[zeromq-dev] C4 and CI

John Morris john at zultron.com
Mon Nov 16 07:35:33 CET 2015

Hello list,

We've been using parts of C4 to manage the Machinekit project, 
open-source machine control software.  I love the idea of C4, and really 
buy into its basic ideas of reducing friction of the development process 
in order to scale the developer and, following that, the user community, 
the size of which is a primary indicator of project success.

However, it turns out C4 is a very challenging idea that most people 
seem to have trouble swallowing in its entirety, as I have. 
Accordingly, we really only follow parts of C4, which is a 
disappointment to me.

Part of this is my own fault.  I run a Buildbot for the project that 
builds many different configurations, i.e. combinations of OS, hardware 
architecture and real-time thread environment.  It's especially because 
of the latter that using a CI system on public infrastructure, like 
Travis CI, isn't possible:  running regression tests under the several 
RT thread systems (RT_PREEMPT, Xenomai, RTAI) requires special kernel 
support unavailable in those environments, so it's necessary to run the 
CI system on bare metal or a VM with custom kernels.  In order to 
support many OS, arch and RT environments, my Buildbot is extremely 
complex and essentially unreproducible.  As a result, despite my clear 
communication that it's a system contributed by a third-party (my 
company), the community tends to see it as the project's "official" CI 
system, dictating "officially-supported" configurations and providing 
the "official" package stream.  I shouldn't have to tell this audience 
how this undermines C4, and besides this CI system is a SPOF for the 
project and is taking too much of my own energy to maintain.

So, taking the last two years' lessons learned about what (IMO) a C4 
community needs in a CI infrastructure (esp. when public CI services 
don't make sense), I have a plan for a CI system that seems a better fit 
with the spirit of C4, and solves other practical issues at the same time.

Key to the idea is scalability by distributing the burden across many 
members of the community.  A trivially-reproducible CI system, such as a 
Buildbot instance in a Docker container (either on private hardware or 
the cloud), may be set up by any community member to build/test/package 
one single particular favorite configuration, for example Debian Jessie 
on RPi2 with RT_PREEMPT kernel pointing at the official git repo master 
branch.  Set up instructions should be as short as "install Docker; 
clone this git repo; edit the configuration; run the Docker container".

For each PR, the system builds the code for and tests it in the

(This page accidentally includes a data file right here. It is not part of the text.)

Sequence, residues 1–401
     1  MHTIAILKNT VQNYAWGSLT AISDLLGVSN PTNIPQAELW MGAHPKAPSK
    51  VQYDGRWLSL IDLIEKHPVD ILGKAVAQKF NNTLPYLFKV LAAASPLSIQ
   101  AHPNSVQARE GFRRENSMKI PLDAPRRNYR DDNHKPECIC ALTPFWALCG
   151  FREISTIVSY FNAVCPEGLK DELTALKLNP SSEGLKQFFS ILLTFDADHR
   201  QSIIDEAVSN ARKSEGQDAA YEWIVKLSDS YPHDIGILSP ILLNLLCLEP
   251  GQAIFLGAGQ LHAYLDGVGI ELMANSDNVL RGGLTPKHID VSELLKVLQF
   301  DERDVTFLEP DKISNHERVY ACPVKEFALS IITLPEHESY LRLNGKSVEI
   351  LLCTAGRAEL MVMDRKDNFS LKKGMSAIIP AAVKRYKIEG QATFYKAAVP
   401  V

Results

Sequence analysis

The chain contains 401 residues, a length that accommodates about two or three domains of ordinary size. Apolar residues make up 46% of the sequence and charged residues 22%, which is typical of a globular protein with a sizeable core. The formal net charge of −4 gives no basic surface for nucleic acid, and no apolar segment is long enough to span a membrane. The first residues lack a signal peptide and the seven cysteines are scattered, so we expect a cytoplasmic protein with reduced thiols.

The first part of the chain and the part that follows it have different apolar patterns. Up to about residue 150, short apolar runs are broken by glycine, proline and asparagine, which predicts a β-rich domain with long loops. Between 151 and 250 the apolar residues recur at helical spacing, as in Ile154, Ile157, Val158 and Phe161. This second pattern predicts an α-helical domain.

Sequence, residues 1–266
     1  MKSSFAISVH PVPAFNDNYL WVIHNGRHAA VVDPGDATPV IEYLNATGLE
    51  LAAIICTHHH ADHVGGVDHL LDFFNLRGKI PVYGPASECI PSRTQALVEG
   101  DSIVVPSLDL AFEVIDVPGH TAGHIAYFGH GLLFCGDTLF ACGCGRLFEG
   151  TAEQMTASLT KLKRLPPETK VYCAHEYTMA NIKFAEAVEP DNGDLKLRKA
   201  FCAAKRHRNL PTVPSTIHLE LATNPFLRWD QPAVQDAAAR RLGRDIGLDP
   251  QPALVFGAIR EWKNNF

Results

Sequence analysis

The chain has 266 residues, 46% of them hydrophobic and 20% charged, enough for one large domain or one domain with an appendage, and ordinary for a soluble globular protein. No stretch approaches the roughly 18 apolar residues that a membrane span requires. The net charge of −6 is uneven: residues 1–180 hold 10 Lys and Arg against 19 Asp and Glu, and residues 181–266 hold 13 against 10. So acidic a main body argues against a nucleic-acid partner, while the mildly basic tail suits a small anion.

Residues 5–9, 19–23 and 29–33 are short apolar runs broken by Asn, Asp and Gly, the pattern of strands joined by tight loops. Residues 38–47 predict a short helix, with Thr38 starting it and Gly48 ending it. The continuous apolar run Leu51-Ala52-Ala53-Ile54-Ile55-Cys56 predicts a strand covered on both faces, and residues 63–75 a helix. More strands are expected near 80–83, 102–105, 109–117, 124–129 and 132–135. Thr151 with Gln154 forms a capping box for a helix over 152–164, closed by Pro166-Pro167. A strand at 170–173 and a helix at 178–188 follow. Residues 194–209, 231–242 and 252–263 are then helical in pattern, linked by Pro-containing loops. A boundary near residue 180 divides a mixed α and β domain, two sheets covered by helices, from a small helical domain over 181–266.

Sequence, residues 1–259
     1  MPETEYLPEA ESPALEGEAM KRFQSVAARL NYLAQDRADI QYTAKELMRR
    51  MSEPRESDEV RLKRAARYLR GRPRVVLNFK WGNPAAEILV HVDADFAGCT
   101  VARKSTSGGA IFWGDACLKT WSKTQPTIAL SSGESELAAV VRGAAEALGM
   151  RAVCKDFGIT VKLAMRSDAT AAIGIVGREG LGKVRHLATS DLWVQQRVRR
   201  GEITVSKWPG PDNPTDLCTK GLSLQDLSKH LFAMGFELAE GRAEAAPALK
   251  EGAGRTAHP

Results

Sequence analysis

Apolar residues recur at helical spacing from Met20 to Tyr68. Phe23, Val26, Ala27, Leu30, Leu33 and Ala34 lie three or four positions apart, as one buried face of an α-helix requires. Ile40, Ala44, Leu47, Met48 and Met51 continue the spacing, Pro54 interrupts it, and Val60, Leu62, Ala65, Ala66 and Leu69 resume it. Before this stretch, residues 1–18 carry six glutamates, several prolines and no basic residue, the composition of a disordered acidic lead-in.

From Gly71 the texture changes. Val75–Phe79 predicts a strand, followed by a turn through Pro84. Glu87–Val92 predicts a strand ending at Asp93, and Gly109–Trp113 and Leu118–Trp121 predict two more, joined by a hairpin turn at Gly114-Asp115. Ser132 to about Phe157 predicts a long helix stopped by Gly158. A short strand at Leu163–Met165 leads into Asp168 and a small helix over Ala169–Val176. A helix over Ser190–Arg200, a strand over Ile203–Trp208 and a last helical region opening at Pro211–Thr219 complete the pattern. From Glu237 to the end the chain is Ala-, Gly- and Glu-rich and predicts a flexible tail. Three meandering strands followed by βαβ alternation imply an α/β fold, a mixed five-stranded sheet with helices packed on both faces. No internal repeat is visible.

configured environment (these duties could be separated).  The 
build/test results are then aggregated (exactly how is TBD) with those 
of other contributed CI systems (with different configurations), and the 
PR is updated with a (or a list of) pass/fail status(es), which both 
Contributors and Maintainers may use to check for and diagnose problems.

For each merge, the system builds binary packages and updates a package 
repository.  This repo may be published and advertised to other 
community members interested in the same configuration.

In this way, anyone is able to set up a CI system for a particular 
configuration.  If many people do so, the burden of running a CI system 
for many target configurations will be distributed across many community 

I'm so enamored with this idea partly because of how it fits with C4:

- Distributing the CI system across the community scales up the number 
of configurations built and tested without overburdening any one 
community member.
- No one person dictates what configurations are officially supported by 
the project:  anyone can contribute build results for any configuration, 
and while Contributors and Maintainers will see when a PR breaks the 
configuration, ultimately it's up to that configuration's champion to 
work with the community to ensure it continues to build.
- Third-party stabilization forks become trivial to set up and publish 
packages for; simply set up a new CI system and point it at the fork's 
repo on GitHub.  This especially suits vendors wanting to ship 
Machinekit on their machine controller hardware.

As of now, I've implemented many parts that would go into this system, 
but many other parts are missing, and it's not a top priority for me. 
That puts this idea in the "gedankenexperiment" category, but I'm still 
curious how ZeroMQ community members will react, assuming you've made it 
this far into the mail!

An update since I started writing this:  My Buildbot's ARM builder 
broke, and I've decided not to resuscitate.  Some others in the project 
have decided to set up a new CI system based around OpenSUSE's public 
OBS instance.  My earlier experiments with building Debian packages on 
OBS were ugly, but it turns out it can be made to work.  Building on OBS 
satisfies some of my proposed requirements for a C4 project CI system, 
especially that it is trivially reproducible.  However, in practice, it 
will take a lot of work to nail down the entire build flow, and the 
question of running unit tests in various environments is unresolved.


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